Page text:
Another issue in history is the question of whether historical truths may exist independently of historians.

In this respect, historical writings are subjective because social and historical context can influence historians as well as what they can write.

5. Arts

Arts is human work that encompasses performing, literary, and visual arts.

In ToK, arts is a means exploring and experiencing the reality of being human. In addition to serving as a key cultural component, arts serves as the link between shared and personal knowledge.

Arts may include everything that creative individuals do, including but not limited to painting, dance, sculpting, and creative writing.

A point of contention is what constitutes knowledge in this domain.

Some people believe that all the information in arts is personal rather than shared. In this respect, creative knowledge is exceedingly difficult to understand or unattainable.

For others, arts bring out some of humanity’s most profound ideas. 

6. Ethics

When examining ethics as an area of knowledge in ToK, you have to consider the following questions:

  • Is there such thing as a moral fact?
  • Is moral knowledge a figment of our imagination or a genuine concept?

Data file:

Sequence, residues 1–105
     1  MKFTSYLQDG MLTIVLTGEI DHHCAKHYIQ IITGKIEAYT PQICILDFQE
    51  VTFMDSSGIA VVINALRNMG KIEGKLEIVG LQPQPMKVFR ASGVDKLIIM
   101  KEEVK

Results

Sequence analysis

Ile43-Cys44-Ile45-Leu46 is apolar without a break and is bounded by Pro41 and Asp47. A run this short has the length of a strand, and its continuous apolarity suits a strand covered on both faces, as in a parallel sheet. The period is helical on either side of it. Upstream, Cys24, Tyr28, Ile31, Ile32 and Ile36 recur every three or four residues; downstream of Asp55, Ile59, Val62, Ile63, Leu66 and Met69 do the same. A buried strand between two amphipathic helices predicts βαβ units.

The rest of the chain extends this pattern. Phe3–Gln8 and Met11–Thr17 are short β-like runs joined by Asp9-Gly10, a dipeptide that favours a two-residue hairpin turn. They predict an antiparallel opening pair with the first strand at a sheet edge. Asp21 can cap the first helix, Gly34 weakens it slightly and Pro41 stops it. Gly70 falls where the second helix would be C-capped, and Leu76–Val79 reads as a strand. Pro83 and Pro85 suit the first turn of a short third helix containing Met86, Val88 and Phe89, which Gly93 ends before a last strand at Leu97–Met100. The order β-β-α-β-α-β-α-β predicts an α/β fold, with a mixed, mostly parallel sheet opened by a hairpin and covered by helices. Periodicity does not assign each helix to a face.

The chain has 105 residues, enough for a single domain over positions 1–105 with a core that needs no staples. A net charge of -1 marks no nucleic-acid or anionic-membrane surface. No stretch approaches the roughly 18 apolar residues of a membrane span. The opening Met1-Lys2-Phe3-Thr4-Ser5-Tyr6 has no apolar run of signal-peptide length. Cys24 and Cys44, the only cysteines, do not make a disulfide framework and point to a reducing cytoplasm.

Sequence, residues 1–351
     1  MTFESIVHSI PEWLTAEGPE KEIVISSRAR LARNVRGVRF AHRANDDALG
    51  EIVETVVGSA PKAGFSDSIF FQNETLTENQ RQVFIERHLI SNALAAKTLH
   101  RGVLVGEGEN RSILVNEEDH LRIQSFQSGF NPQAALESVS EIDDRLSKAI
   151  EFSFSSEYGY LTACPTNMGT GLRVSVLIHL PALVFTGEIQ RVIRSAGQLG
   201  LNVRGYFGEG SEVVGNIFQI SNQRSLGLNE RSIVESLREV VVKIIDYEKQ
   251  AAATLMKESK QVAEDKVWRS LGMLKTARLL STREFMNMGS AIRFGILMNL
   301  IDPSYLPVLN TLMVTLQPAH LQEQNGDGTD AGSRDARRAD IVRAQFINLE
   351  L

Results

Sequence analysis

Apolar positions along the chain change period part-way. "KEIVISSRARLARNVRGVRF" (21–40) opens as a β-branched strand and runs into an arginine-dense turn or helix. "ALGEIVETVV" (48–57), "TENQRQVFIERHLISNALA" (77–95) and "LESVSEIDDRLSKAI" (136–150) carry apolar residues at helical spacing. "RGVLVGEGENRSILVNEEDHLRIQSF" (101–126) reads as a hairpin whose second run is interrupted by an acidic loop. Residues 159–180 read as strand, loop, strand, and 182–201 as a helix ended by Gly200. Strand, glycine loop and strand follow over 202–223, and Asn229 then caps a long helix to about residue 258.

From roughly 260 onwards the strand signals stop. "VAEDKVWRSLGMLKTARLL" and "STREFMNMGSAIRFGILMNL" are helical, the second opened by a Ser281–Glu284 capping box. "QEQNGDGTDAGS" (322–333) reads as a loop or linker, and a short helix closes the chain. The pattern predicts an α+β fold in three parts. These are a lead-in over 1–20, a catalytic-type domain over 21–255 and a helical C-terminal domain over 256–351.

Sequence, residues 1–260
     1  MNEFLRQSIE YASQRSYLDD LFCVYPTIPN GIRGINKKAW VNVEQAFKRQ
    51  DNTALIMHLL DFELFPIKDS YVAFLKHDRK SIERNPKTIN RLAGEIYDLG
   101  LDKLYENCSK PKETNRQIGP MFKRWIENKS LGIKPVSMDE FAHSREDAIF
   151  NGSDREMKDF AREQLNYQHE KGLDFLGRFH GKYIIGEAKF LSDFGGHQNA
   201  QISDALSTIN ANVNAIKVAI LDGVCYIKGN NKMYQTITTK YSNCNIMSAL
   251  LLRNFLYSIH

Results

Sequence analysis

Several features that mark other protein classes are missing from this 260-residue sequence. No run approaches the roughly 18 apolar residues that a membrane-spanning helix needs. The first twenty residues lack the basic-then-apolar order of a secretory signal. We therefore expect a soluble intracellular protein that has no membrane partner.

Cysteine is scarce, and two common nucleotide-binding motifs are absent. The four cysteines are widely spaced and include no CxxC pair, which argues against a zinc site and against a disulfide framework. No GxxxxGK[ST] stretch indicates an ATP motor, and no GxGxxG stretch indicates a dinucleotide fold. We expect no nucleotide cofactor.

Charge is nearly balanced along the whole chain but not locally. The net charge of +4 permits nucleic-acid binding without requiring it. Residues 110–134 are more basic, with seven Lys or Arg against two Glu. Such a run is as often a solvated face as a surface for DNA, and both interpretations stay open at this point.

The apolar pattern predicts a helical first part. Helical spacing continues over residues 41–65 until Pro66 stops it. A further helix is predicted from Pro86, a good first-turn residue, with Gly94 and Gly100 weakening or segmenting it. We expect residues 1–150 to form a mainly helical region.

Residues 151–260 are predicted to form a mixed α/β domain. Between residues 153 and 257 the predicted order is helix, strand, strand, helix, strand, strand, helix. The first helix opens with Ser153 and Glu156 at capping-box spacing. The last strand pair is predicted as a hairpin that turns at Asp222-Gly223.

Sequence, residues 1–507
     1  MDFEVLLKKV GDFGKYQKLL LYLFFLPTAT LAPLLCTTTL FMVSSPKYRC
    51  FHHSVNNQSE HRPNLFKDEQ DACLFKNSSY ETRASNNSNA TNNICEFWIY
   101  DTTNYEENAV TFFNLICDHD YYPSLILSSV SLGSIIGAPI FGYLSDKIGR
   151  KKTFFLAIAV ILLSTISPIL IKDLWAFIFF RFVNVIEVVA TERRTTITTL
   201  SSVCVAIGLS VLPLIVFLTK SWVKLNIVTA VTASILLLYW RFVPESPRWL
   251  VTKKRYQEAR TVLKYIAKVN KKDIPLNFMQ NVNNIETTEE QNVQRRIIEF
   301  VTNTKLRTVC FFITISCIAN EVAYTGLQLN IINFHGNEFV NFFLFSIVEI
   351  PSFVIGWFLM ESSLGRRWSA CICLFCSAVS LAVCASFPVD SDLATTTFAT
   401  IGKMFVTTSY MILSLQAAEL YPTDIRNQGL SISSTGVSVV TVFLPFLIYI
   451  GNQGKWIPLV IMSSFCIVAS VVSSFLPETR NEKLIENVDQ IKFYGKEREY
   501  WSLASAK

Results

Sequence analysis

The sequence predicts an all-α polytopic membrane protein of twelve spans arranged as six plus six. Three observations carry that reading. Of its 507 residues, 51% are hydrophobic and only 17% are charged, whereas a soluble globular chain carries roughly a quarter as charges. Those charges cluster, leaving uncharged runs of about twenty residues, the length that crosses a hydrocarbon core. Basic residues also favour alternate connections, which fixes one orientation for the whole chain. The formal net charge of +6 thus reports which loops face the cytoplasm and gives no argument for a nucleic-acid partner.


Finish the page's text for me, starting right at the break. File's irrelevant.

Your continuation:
• Is the rightness or wrongness of an action situation-dependent?

Morality is what differentiates human beings from animal, and therefore a critical topic in ethical debate in ToK is whether we can know if something is truly moral.

What differentiates mora values from other forms of values is that they represent duties of human behavior.

 As at now, there isn’t a universal agreement that morality is about following laws, as there is no agreement on the existence of moral principles.

Consequently, whether we should disregard moral standards, and under what circumstances we should do so, is a contentious issue. 

7. Religious Knowledge Systems

In ToK, Religious knowledge systems are areas of knowledge that provide answers to the issues of meaning and the purpose of human life. The systems consist of a diverse array of distinct systems and ideas.